Pet Columns, Office of Public Engagement, College of Veterinary Medicine at the University of Illinois at Urbana-Champaign

University of Illinois at Urbana-Champaign

U of I logoCollege of Veterinary Medicine

Back to search page.

Consider Lifespan When Pondering a Pet Reptile

Pet Column for the week of May 18, 2009

Related information:

Office of Public Engagement
2001 S. Lincoln Ave.
Urbana, Illinois 61802
Phone: 217/333-2907
Ashley Mitek
Information Specialist

Source - Dr. Mark A. Mitchell
If fur and feathers aren't up your alley, but scales and long slithery tails strike your fancy, maybe a reptile is the pet for you. There are over 8,000 species of reptiles on the planet, and choosing the right one as a "starter" pet can be quite tricky if you don't know what to look for.

Dr. Mark Mitchell is not your average veterinarian. As an associate professor in the exotics and zoological medicine service at the University of Illinois Veterinary Teaching Hospital in Urbana, his patients swim, fly, and slither their way to his door. In selecting your first reptile, "the first thing you have to consider are the needs of the animal," he says. For example, many people don't realize that reptiles are very long-lived. Pet snakes may live 20-40 years and some of the chelonians (terrapins and tortoises) can live 50-100 years.

If their lifespan does not deter you, there are a few species that lend themselves well to newcomers. "The corn snake is an excellent pet," explains Dr. Mitchell. They are all bred in captivity and have been popular breeding species for several decades. Candycane, fluorescent orange, and lavender are just a few of the colors they come in.

Baby corn snakes are usually purchased when they are six inches in length. But don't try giving them a warm bottle of milk for dinner. Thawed pinky mice (baby mice) are the preferred meal. You can purchase pinky mice frozen, just allow them to thaw before serving them to your slithery new friend. Although corn snakes naturally have thin bodies, they can grow to 4-6 feet and live approximately 20 years.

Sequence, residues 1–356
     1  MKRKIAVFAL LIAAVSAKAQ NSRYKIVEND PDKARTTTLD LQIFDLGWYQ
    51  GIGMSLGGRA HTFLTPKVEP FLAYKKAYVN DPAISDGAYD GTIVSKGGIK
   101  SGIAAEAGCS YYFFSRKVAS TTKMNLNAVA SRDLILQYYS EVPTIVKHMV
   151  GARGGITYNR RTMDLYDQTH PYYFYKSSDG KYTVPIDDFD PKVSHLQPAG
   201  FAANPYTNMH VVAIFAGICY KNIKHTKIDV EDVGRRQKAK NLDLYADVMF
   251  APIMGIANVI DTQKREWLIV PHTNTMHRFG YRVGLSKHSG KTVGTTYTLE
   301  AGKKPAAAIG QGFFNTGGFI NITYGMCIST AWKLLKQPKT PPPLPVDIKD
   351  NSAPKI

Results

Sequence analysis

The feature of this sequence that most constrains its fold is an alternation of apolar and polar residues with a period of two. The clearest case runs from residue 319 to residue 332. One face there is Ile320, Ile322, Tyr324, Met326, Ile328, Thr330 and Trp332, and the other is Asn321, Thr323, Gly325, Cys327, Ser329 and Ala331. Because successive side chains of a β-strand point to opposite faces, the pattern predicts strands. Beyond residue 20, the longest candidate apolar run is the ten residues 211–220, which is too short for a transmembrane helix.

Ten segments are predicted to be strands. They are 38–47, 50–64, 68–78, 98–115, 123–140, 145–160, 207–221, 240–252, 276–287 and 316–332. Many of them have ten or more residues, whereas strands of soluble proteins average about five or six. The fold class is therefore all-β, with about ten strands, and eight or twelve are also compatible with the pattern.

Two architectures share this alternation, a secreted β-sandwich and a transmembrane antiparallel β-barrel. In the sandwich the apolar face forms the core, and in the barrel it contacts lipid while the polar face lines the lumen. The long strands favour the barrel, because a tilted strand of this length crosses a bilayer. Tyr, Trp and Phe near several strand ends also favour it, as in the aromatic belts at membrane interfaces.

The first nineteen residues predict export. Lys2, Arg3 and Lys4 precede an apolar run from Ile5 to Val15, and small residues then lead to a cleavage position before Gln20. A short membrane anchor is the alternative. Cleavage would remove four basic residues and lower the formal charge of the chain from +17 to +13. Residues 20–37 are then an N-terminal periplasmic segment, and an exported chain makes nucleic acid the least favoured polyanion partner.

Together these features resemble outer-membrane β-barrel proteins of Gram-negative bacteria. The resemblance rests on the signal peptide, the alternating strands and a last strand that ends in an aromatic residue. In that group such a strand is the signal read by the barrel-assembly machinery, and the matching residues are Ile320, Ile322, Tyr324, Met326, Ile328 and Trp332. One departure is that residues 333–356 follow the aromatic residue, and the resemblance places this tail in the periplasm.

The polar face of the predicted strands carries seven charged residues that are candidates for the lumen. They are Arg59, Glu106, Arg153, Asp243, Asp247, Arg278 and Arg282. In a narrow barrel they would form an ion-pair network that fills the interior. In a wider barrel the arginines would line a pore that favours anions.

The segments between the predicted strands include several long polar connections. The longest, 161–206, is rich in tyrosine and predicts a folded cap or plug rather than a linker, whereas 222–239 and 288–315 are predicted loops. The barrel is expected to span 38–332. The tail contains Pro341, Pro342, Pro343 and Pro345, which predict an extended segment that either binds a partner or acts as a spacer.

Another great pet reptile for a novice is the bearded dragon. "I think of them as the dog of the reptile world," says Dr. Mitchell. These lizards are originally from Australia and grow to be 20-24 inches in length. In comparison to the strictly carnivorous corn snake, the bearded dragon is more of an omnivore. Crickets, meal worms, carrots, and a variety of greens provide the nutrition the lizard needs. As far as lifespan, you can expect a bearded dragon to live 10-15 years, and don't worry, these guys don't breathe fire.

The red footed tortoise is another animal that is recommended. But with a lifespan of 50-60 years, make sure you are committed to taking care of an animal that will still be around in the year 2050. As Dr. Mitchell, who is the proud owner of two Sulcata tortoises puts it, "they will probably be heirlooms to my children."

On a final note, you may commonly see iguanas for sale in local pet stores. Despite their popularity, these are not the best choice for someone who is starting out. For one, with an adult size of 6 feet, housing can become problematic. Male iguanas can also pick up on human pheromones and may attack females during their menstrual cycle.

If you are planning to become a new owner to a reptile, make sure you do your homework and are aware of their specific needs. They may be cold-blooded, but they do appreciate a warm-hearted counterpart that can take good care of them.